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6 Comments | Report
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Alfredo_Jose Jul 20
Superb shot!
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EuroBen Jul 21
Thanks, Alfredo! :-)
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Pamelabole Jul 28
Wow....amazing capture!!! Those eyes....just gorgeous!! : )
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EuroBen Aug 12
Thank You, Pamela :-)
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dareco Aug 12
Incredible !!!!!!
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EuroBen Aug 12
Thank You :-)
 
keepclicking Aug 12
Awesome capture
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EuroBen Aug 12
Thank You :-)
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RickL Aug 13
Exceptional photography
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EuroBen Aug 15
Thank You, Rick :-)
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Swampy316 Aug 13
Stunning shot
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EuroBen Aug 15
Thanks a lot, Dave :-)

Eyes to Eyes



Young male Eurasian lynx (Lynx lynx) - animal in human care.
Young male Eurasian lynx (Lynx lynx) - animal in human care.
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550

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Awards

Curator''s Choice
Peer Award
Top Choice
+11
Absolute Masterpiece
+8
Magnificent Capture
+4
Superb Composition
Outstanding Creativity
Superior Skill
Genius
All Star

Emotions

Impressed
+9
Happy

Submitted to Photo Contests

Categories


Behind The Lens

Location
I created this photo during private photo event with my good friends photographers in the Czech Republic. We took advantage of a unique opportunity to take a pictures of a tame young male Lynx, which moves free in the forest. The scene was carefully selected to faithfully match the natural biotope of the lynx in its natural habitat. Although it was the young animal in human care, this action was not without risk. The lynx moved about 3-5 meters from us. It was an unusual experience to be in the presence of this majestic animal.
Time
It was October, early in the morning, about 8 o'clock in the morning, it was very damp and the morning mist covered the forest.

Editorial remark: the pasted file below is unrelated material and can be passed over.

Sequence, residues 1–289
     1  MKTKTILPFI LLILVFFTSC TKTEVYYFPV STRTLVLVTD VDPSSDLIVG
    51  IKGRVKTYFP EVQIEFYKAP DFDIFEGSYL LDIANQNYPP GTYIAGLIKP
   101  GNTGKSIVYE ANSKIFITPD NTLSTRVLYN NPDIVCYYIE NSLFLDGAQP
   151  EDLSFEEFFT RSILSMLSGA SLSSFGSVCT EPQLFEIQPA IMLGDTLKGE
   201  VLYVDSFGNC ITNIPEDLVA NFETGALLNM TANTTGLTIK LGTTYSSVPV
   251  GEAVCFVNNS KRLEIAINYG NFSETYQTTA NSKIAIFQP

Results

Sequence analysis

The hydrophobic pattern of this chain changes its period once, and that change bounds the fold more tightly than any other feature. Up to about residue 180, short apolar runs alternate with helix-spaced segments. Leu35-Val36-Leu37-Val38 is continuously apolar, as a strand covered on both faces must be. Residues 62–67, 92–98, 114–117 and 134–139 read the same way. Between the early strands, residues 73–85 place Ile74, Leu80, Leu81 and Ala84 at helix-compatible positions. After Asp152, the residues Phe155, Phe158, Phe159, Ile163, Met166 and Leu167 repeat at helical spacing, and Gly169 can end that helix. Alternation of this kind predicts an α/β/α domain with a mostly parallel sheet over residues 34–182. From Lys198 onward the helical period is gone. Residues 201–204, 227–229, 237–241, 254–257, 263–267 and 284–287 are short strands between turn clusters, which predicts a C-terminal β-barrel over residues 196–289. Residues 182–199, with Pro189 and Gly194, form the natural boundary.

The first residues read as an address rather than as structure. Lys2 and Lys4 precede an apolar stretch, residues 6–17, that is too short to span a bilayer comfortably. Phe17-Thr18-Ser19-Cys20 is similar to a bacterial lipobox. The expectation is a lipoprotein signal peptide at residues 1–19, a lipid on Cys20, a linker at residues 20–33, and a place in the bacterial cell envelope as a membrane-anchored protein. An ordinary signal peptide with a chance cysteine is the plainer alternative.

Lighting
The morning fog in the forest gave the our scene the ideal diffuse light. Therefore on the fur are no highlights and there are no significant shadows on the lynx and trees.
Equipment
I worked with my favourite very fast digital camera Nikon D5 and with my fast lens Nikkor 200 f/2,0. The lynx was still moving in the forest, i worked without a tripod.
Inspiration
I love nature and especially wild animals. But I'm very busy at work, now I can not take part in a time-consuming wilderness expedition. And I think that collective photographic expedition directly into the habitat of the endangered big cats is not correct. That's why I took advantage of the unique possibility of assisted or arranged photographing of a tame wild animal in human care, that does not shake the human presence and creates only small risk for the photographer.
Editing
I love natural photos. Shots without big adjustments. I try to capture all my photos so I do not have to use the post-processing. I know it is very modern and trendy today, but I do not work with PS or LR or other sophisticated post-processing software. I invoke my NEF only in Nikon View and Nikon Capture and make only minor edits. Maybe my photos could be even more attractive, but I want to show real reality.
In my camera bag
The contents of my robust Tamrac bag is primarily a powerful digital camera that I can rely on in every weather. Now I'm normally using the body Nikon D5 and the backup body Nikon D850. I normally wear Nikkor lenses 24-70 f/2.8 and 70-200 f/2.8. These "workers" have always been with me. On the "macro" action I take the excellent old micro lens Nikkor 200 f/4 or micro lens 105 f/2,8. For animals and birds photography I need to pack "heavier weight" - I'm using the lens Nikkor 400 f/2.8 and now also a new lens Nikkor 200 f/2 lens. The last two months I test the new mirrorless Nikon Z7 with my fast lenses.
Feedback
When it comes to photographing the endangered animal species, I recommend the form of "assisted (arranged) photography". It's about photographing a species of wild animal that is in human care. The animal is tame, working well with it, and it is especially safe for humans. Most importantly, the photographer does not disturb wild animals in their natural biotope. Today there is a trend commercial group photographic expeditions to exotic countries. From the yield is funded the rescue of endangered animal species. But too frequent visits of groups of people in animal biotopes are very disturbing and stressful for endangered animals and their food chain. These expeditions can become very destructive for small animal populations and, instead of rescuing animals, can speed their extinction. We all photographers have to think, whether our money really helps those animals.

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